• Rehabilitation Niches

  • Integra has client practices in the following rehabilitation niches.

  • Physical Therapy

    Physical Therapists work with patient’s injuries to reduce pain and restore/improve mobility which can result in a reduction of the need for surgery or long-term use of prescription medication. Physical Therapists focus on teaching patients how to prevent or manage their injury so that they can achieve long-term health benefits. Many PT’s plans of care will include the promotion of movement, restoration of function, reduction of pain and, often, fitness related programs; for promoting a healthier and more active lifestyle.

  • Occupational Therapy

    Occupational Therapists work with people of all ages that need assistance in leading productive and independent lives due to a physical, emotional, social, or developmental disorder. Occupational Therapists care about the importance of a task to each individual patient. They manipulate their plans of care to adapt the task and environment to assist the patient in achieving their goals instead of focusing on the injury.

  • Pelvic Floor and Women's Health

    Women’s Health Physical Therapy is a profession that consists of physical therapists treating patients with pelvic and abdominal health issues. Women’s Health Therapists utilize the latest evidence-based physical therapy services to assist everyone from childbearing women to peri-menopausal mothers, young athletes to men with incontinence or other pelvic health complications.

  • Senior Therapy (Geriatrics)

    Physical Therapy for Seniors (Geriatrics) has numerous benefits. Therapy can give seniors back their independence and make daily tasks easier. Seniors can gain strength and balance along with a renewed sense of confidence. Working with a physical therapist will provide options to enable a senior to develop their overall strength and ability, which eases pain, helps reduce their risk for injuries, and maintain a higher quality of life.

  • Lymphedema Therapy

    The first-line treatment for lymphedema is complex physical therapy provided by Certified Lymphedema Therapists (CLT). CLT’s treat lymphedema of peripheral body parts through decongestion exercises, compression, and massage. These therapists have a goal to restore function, reduce physical and psychological suffering and prevent the development of infection.

  • Hand Therapy (CHT)

    A hand therapist is an occupational or physical therapist who has obtained advanced knowledge of upper extremity conditions through continuing education. These therapists use custom orthotic devices and activity exercise programs to treat conditions such as, Carpal Tunnel Syndrome, Frozen Shoulder, Tennis Elbow and more. CHT professionals can also train patients in healthy work habits to prevent further injury.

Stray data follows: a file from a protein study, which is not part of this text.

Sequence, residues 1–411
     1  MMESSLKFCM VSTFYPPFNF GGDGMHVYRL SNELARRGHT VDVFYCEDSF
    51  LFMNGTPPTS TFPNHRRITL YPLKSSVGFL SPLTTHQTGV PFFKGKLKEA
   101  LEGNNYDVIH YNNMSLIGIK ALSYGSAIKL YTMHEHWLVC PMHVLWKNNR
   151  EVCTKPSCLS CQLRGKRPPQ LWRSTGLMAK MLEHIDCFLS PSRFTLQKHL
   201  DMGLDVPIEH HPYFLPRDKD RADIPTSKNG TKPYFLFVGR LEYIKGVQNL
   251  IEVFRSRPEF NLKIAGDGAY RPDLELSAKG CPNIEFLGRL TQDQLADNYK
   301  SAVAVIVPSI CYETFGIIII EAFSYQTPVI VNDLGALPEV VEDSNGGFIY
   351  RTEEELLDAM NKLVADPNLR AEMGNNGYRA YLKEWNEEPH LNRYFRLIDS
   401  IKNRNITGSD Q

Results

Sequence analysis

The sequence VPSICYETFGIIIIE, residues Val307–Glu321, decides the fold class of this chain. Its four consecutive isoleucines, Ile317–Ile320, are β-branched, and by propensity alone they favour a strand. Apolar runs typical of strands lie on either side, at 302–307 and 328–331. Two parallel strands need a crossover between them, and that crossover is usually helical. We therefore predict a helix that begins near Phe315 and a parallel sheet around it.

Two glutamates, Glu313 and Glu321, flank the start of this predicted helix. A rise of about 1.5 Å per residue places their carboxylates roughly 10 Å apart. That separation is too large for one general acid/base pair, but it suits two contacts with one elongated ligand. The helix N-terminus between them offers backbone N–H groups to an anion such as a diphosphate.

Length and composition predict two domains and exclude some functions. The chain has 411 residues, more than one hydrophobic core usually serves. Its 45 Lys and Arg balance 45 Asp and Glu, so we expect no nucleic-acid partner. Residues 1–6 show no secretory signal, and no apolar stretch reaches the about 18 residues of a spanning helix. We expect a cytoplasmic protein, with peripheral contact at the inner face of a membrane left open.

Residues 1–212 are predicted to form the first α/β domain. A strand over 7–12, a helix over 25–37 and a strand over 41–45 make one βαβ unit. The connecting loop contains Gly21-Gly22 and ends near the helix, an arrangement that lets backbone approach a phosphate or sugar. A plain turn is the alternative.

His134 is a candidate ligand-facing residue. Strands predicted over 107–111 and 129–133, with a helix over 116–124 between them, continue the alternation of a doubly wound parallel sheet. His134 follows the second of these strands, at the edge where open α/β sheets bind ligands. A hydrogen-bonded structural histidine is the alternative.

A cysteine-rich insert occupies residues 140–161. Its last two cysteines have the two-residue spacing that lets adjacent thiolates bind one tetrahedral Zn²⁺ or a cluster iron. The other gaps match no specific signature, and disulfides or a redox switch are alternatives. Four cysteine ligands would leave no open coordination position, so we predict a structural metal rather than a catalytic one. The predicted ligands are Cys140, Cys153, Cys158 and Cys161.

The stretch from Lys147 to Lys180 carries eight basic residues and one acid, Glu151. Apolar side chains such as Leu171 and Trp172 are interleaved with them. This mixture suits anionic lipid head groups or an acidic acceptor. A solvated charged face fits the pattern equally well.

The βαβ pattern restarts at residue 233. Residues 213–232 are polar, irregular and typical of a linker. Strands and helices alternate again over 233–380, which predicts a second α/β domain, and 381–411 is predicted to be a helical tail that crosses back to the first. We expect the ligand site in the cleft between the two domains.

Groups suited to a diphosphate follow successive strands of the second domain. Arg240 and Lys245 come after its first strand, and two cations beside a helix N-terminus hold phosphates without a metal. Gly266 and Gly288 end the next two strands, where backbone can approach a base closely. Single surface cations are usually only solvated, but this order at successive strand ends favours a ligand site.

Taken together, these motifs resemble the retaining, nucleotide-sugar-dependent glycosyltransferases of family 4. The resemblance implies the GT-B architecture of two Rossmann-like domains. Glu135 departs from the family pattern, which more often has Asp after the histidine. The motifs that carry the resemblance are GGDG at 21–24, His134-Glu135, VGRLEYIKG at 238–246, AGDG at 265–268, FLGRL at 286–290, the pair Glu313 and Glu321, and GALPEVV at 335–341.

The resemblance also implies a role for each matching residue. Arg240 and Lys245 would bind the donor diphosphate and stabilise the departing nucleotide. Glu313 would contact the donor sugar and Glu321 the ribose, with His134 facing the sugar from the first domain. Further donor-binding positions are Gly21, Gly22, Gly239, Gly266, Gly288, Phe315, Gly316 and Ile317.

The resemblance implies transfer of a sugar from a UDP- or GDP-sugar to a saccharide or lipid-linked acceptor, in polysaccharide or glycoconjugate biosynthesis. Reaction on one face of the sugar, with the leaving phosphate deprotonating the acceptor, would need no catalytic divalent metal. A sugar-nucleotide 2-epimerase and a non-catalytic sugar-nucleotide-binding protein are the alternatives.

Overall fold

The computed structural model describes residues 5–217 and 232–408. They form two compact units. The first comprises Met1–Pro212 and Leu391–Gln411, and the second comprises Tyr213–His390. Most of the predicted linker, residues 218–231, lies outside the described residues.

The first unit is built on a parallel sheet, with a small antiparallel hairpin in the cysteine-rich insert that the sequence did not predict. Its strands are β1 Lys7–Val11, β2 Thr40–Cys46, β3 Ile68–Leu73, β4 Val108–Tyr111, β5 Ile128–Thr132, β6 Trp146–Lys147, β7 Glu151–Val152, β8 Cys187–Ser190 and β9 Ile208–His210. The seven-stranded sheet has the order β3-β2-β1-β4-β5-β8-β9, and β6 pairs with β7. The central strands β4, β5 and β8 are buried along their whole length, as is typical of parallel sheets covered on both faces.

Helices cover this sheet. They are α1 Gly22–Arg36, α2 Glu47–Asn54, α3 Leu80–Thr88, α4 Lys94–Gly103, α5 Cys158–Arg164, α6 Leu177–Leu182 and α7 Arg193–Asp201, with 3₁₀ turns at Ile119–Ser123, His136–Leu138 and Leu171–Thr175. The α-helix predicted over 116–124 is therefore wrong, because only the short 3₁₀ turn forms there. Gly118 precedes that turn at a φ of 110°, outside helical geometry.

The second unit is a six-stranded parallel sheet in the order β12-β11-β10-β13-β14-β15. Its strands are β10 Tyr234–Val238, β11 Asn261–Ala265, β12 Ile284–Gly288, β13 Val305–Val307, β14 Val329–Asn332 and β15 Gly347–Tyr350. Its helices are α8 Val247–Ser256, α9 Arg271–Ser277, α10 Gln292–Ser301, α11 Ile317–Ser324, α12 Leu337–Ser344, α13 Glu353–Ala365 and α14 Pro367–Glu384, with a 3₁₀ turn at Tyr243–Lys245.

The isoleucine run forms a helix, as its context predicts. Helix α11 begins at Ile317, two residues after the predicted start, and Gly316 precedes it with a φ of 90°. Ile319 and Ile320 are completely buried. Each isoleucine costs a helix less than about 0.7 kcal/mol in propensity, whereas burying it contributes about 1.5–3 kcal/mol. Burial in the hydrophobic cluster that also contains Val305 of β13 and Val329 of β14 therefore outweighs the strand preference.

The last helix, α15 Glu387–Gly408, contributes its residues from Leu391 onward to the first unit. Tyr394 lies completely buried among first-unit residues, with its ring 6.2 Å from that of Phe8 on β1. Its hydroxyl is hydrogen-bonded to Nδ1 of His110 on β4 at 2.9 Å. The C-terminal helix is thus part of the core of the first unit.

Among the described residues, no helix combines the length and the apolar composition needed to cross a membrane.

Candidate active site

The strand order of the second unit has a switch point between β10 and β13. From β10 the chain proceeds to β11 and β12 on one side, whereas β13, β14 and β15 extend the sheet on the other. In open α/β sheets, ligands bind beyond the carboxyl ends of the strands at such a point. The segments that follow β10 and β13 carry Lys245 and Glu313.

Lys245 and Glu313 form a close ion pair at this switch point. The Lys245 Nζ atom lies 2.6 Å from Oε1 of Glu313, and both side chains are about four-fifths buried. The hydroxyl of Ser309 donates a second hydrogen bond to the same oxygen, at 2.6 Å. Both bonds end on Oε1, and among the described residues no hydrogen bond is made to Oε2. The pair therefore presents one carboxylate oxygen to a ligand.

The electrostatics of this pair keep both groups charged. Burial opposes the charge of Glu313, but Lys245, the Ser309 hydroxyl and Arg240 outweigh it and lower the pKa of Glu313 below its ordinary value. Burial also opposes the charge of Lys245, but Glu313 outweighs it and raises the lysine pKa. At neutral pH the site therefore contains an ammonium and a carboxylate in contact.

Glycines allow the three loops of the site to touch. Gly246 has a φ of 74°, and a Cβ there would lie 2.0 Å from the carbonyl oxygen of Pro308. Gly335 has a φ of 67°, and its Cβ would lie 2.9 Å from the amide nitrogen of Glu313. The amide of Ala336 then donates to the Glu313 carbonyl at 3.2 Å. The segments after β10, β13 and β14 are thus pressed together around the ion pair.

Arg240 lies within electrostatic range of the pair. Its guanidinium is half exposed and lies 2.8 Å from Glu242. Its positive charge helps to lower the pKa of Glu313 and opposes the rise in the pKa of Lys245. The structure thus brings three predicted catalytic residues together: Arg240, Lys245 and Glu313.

• Work Conditioning / Work Hardening

    When Physical/Occupational therapists have provided therapy for a patient who is still unable to return to work due to a deficit in their functional capacity they will switch to a different therapy plan that includes work conditioning/ hardening. Work conditioning focuses on strength and endurance and may include work related activities. Work Hardening focuses on work simulation, vocational counseling, and behavioral management. These treatments may occur once a Functional Capacity Evaluation (FCE) has been performed. An FCE assesses a patient’s capacity to perform work activities related to his/ her profession. The therapists’ function is to provide an analysis to the individual’s employer with recommendations.

  • Orthotics

    Physical/Occupational therapists play a critical role in identifying the need for orthotics. The decision to use orthotics is based on the assessment of range of motion, alignment, voluntary control of movement, muscle tone, and functional level of the patient. These custom DME (Durable Medical Equipment) products greatly improve the stability and function of an injury by controlling the range of motion and posture.

  • Speech and Language Therapy (SLP)

    Speech and language therapists (SLP’s) are professionals able to assess and treat delays, disorders or injuries that effect the speech or language of their patient. These therapists can assist with articulation, fluency, or resonance issues for patients of all ages by creating plans of care that exercise the tongue and mouth muscles. SLP’s can also teach exercises that strengthen the jaw and throat to correct any difficulties with eating, swallowing or drooling.

  • Pediatric Physical Therapy

    Pediatric physical therapists collaborate with the families of their patients to promote development and create specified intervention programs for their children. These patients have been thoroughly evaluated to assess their mobility, sensory, neuromotor development, muscle and joint function, posture and balance and oral motor skills. The pediatric PT uses this evaluation to adapt toys for play, position toys to derive patient’s best function, expand the child’s mobility options with effective equipment use and smooth external transitions for both patient and parent.

  • Aqua Therapy

    Physical and Occupational therapists must assist their patients in reaching their plan of care goals. Patients whom have shown difficulty with traditional therapy often show an improvement with aqua therapy. This therapy works best with those that suffer from chronic conditions or acute injury by providing therapy in an essentially weightless environment. Aquatic therapy makes exercise less painful, the warmth of the water reduces tight muscles, and the water resistance strengthens the muscles. The therapists ultimate goal is to bring the patient back to traditional therapy within 3-12 sessions so they can continue to improve in an environment that is closer to normal circumstances.